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Can intensively farmed arable land be favourable for birds during migration? The case of the Eurasian golden plover Pluvialis apricaria

Lindström, Åke LU ; Dänhardt, Juliana LU ; Green, Martin LU ; Klaassen, Raymond LU and Olsson, Peter LU (2010) In Journal of Avian Biology1994-01-01+01:00 41(2). p.154-162
Abstract
Today's intensive farming practices are known to have affected farmland biodiversity negatively in many different ways. As far as birds are concerned, they are known to have suffered during both summer and winter. Relatively little is known about the effects on birds during migration. We studied the stopover ecology of the Eurasian golden plover Pluvialis apricaria, a species listed in EU Birds Directive, in intensively farmed arable land in southernmost Sweden in the autumns of 2003-2007. We used key ecological variables (length of stay, fat deposition and moult) as fitness proxies to evaluate how the birds manage in this habitat. Eurasian golden plovers were present in large numbers mainly on arable fields from early August to November... (More)
Today's intensive farming practices are known to have affected farmland biodiversity negatively in many different ways. As far as birds are concerned, they are known to have suffered during both summer and winter. Relatively little is known about the effects on birds during migration. We studied the stopover ecology of the Eurasian golden plover Pluvialis apricaria, a species listed in EU Birds Directive, in intensively farmed arable land in southernmost Sweden in the autumns of 2003-2007. We used key ecological variables (length of stay, fat deposition and moult) as fitness proxies to evaluate how the birds manage in this habitat. Eurasian golden plovers were present in large numbers mainly on arable fields from early August to November and radio-tagged birds were found to stay in the area for up to three months. Adult birds carried out a substantial part of their flight feather moult during their stay. Body mass increased only somewhat during moult, but from the last stages of moult and onwards fuel loads corresponding to 24% above lean body mass (LBM) were accumulated at a rate of 0.5% of LBM per day, before the birds departed. Juveniles arrived later, from mid Sep., and had a similar pattern of fuel deposition. The fact that the birds choose to stay for long periods, moult in the area, and manage to store substantial fuel loads strongly suggests that Eurasian golden plovers do well in this intensively farmed arable land. (Less)
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author
organization
publishing date
type
Contribution to journal
publication status
published
subject
in
Journal of Avian Biology1994-01-01+01:00
volume
41
issue
2
pages
154 - 162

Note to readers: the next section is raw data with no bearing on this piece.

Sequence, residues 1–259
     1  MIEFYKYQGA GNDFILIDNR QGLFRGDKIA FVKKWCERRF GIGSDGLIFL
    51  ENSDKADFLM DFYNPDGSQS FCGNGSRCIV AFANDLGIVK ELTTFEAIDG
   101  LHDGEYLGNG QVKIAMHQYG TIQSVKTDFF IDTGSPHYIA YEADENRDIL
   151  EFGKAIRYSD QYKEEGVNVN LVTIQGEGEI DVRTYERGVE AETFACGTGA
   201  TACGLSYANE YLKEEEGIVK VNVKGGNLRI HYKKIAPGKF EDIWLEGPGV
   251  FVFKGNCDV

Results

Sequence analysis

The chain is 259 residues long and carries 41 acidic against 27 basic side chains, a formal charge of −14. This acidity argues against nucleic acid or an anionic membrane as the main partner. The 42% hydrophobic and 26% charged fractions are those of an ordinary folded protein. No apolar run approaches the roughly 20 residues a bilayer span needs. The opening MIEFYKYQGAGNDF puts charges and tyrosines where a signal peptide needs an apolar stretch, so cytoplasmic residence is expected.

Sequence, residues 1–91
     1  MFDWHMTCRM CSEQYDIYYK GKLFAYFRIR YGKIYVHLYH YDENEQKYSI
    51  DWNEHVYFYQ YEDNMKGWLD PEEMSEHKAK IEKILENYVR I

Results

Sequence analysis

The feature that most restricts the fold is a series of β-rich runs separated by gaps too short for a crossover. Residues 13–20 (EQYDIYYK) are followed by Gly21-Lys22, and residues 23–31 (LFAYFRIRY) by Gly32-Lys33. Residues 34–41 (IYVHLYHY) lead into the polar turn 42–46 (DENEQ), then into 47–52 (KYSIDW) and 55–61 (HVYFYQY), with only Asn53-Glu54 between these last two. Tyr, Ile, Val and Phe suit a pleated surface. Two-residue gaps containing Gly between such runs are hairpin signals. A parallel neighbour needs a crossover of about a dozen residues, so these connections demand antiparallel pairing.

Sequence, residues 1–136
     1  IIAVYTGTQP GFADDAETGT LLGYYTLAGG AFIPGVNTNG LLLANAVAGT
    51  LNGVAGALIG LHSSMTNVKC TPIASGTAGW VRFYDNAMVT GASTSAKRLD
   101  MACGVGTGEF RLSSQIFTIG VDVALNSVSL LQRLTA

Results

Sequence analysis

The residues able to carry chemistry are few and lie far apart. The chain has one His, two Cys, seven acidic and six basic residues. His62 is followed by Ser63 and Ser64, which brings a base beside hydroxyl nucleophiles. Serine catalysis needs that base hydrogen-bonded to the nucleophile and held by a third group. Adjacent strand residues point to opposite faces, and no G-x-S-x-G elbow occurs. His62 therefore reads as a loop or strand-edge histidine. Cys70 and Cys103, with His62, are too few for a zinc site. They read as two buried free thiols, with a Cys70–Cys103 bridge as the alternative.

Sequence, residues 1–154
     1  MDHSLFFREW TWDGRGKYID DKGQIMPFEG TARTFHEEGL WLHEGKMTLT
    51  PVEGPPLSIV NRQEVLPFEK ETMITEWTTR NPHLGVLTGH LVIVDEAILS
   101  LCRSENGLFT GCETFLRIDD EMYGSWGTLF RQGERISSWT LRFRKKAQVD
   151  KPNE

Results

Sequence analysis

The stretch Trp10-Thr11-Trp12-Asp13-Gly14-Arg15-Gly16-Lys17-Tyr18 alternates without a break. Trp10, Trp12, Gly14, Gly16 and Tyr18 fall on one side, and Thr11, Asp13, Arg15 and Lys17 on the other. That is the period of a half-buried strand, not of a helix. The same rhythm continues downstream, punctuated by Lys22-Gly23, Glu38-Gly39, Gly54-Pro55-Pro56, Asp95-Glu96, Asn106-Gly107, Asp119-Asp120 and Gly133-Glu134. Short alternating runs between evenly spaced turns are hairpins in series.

publisher
Federation of European Neuroscience Societies and Blackwell Publishing Ltd
external identifiers
  • wos:000276934600007
  • scopus:77953339426
ISSN
0908-8857
DOI
10.1111/j.1600-048X.2009.04810.x
project
CAnMove
BECC
language
English
LU publication?
yes
id
dc491a50-a964-4328-bc9f-f3be84d2cee4 (old id 1601648)
date added to LUP
2010-05-20 10:26:22
date last changed
2018-05-29 11:54:19
@article{dc491a50-a964-4328-bc9f-f3be84d2cee4,
  abstract     = {Today's intensive farming practices are known to have affected farmland biodiversity negatively in many different ways. As far as birds are concerned, they are known to have suffered during both summer and winter. Relatively little is known about the effects on birds during migration. We studied the stopover ecology of the Eurasian golden plover Pluvialis apricaria, a species listed in EU Birds Directive, in intensively farmed arable land in southernmost Sweden in the autumns of 2003-2007. We used key ecological variables (length of stay, fat deposition and moult) as fitness proxies to evaluate how the birds manage in this habitat. Eurasian golden plovers were present in large numbers mainly on arable fields from early August to November and radio-tagged birds were found to stay in the area for up to three months. Adult birds carried out a substantial part of their flight feather moult during their stay. Body mass increased only somewhat during moult, but from the last stages of moult and onwards fuel loads corresponding to 24% above lean body mass (LBM) were accumulated at a rate of 0.5% of LBM per day, before the birds departed. Juveniles arrived later, from mid Sep., and had a similar pattern of fuel deposition. The fact that the birds choose to stay for long periods, moult in the area, and manage to store substantial fuel loads strongly suggests that Eurasian golden plovers do well in this intensively farmed arable land.},
  author       = {Lindström, Åke and Dänhardt, Juliana and Green, Martin and Klaassen, Raymond and Olsson, Peter},
  issn         = {0908-8857},
  language     = {eng},
  number       = {2},
  pages        = {154--162},
  publisher    = {Federation of European Neuroscience Societies and Blackwell Publishing Ltd},
  series       = {Journal of Avian Biology1994-01-01+01:00},
  title        = {Can intensively farmed arable land be favourable for birds during migration? The case of the Eurasian golden plover Pluvialis apricaria},
  url          = {http://dx.doi.org/10.1111/j.1600-048X.2009.04810.x},
  volume       = {41},
  year         = {2010},
}